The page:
WAR DEPARTMENT, C. S. A.,
Richmond, Va., October 6, 1864-5 p. m.
General R. E. LEE,
Headquarters Army of Northern Virginia:
I send further following telegram just received from operator at Gordonsville, dated 6th:
The enemy have burned Rapidan bridge and advancing on this place. Scout just returned.
JAMES A. SEDDON,
Secretary of War.
SPECIAL ORDERS, ADJT. AND INSP. GENERAL'S OFFICE,
Numbers 237. Richmond, October 6, 1864.
I. Captain James Mitchell, assistant adjutant-general, now on duty with Evans' brigade, Gordon's division, Army of Northern Virginia, will report without delay to Major General J. L. Kemper, commanding reserves, for assignment to duty.
* * * * * *
By command of the Secretary of War:
Wilmington, N. C., October 6, 1864.
Honorable S. R. MALLORY,
Secretary of the Navy, Richmond:
SIR: I have received your reply to my letter of the 27th [ultimo*]. I only wish to say that I fear you have entirely misapprehended my reasons for making the request as to the Tallahassee and the Chickamauga, if it is supposed that I ever thought of them as fighting vessels in any way or needed them to resist the enemy's men of war or shot. Their weakness and notable incapacity as ships of war might be an argument against their going to sea; but I should never think of employing such vessels to fight. It is the men and guns that are wanted as well as the ships, not only to man the naval batteries now being substituted for the North Carolina and the Raleigh, which were to defend the inner bars, but to guard or picket the entrance and river, a duty devolving upon the navy, and for which there are neither forts nor vessels here. This is a matter for very serious consideration at all times. It is not only perfectly possible for the enemy to send in their armed boats by wide entrances at night, but they do and have done so repeatedly. Three night since the Banshee, after passing the bar, was fired upon three times from and armed launch lying inside and in wait. They have repeatedly ascended the river to within a few miles of town, concealed themselves in the marsh during the day, and rowed out again at night, with muffled oars. On one occasion they surprised and carried off the mail-carrier from Fisher and cut the telegraph wire. They boast that they set fire to the cotton when we had our great loss and the Government cotton and the navy-yard was burned. I doubt this, but it is possible, and they assert it. If I had a sufficient land force, if I had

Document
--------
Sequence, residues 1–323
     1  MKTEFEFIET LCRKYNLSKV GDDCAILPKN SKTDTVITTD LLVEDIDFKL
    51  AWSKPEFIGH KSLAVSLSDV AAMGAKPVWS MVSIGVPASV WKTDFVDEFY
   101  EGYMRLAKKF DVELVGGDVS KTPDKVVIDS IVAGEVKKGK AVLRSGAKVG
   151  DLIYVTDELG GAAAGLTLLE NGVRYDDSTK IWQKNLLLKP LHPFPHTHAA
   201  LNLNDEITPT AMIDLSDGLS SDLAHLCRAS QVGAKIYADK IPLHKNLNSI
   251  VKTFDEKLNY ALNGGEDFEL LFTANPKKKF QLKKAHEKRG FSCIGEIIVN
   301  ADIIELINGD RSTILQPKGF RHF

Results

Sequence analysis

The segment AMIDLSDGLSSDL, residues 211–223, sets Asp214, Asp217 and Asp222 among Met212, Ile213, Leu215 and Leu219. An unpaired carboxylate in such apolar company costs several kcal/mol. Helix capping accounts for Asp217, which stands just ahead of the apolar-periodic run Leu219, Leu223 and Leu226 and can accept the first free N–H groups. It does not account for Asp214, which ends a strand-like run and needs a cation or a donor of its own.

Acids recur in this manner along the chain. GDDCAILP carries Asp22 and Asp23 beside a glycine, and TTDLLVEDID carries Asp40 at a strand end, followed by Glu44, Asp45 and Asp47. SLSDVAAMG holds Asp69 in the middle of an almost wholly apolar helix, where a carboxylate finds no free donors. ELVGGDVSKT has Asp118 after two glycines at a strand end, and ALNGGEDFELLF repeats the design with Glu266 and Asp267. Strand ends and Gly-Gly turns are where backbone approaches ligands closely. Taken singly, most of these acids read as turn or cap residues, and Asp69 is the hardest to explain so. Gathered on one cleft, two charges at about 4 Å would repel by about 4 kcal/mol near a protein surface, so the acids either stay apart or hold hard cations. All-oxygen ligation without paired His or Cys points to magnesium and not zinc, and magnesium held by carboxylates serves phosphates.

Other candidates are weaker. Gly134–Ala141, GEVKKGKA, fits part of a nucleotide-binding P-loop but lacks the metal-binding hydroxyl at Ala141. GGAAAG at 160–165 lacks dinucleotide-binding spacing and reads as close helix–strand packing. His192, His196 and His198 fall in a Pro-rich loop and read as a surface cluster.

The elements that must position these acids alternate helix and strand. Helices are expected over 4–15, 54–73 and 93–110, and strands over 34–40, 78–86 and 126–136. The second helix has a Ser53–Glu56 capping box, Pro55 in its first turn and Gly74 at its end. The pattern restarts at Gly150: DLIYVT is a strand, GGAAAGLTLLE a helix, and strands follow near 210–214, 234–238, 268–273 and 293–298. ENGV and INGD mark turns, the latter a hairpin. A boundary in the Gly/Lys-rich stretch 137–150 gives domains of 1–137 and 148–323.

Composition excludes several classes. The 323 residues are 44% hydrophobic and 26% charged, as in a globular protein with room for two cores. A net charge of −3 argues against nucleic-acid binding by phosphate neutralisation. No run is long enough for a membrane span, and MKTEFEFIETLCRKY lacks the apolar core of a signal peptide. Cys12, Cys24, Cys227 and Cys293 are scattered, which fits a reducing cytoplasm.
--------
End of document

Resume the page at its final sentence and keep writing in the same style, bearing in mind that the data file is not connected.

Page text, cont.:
*See Part II, p. 1297. Mallory's reply not found.
72 R R-VOL XLII, PT III